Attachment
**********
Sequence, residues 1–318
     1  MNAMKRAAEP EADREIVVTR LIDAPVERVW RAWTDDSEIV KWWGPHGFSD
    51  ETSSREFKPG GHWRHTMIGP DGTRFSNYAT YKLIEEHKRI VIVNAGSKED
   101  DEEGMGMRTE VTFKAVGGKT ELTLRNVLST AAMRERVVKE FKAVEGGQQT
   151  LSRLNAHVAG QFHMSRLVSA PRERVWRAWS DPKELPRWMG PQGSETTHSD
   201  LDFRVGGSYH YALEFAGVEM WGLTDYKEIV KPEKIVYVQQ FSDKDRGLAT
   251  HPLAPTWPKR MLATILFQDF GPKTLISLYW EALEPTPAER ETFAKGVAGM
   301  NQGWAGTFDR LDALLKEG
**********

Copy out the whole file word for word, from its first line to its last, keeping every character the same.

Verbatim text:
Sequence, residues 1–318
     1  MNAMKRAAEP EADREIVVTR LIDAPVERVW RAWTDDSEIV KWWGPHGFSD
    51  ETSSREFKPG GHWRHTMIGP DGTRFSNYAT YKLIEEHKRI VIVNAGSKED
   101  DEEGMGMRTE VTFKAVGGKT ELTLRNVLST AAMRERVVKE FKAVEGGQQT
   151  LSRLNAHVAG QFHMSRLVSA PRERVWRAWS DPKELPRWMG PQGSETTHSD
   201  LDFRVGGSYH YALEFAGVEM WGLTDYKEIV KPEKIVYVQQ FSDKDRGLAT
   251  HPLAPTWPKR MLATILFQDF GPKTLISLYW EALEPTPAER ETFAKGVAGM
   301  NQGWAGTFDR LDALLKEG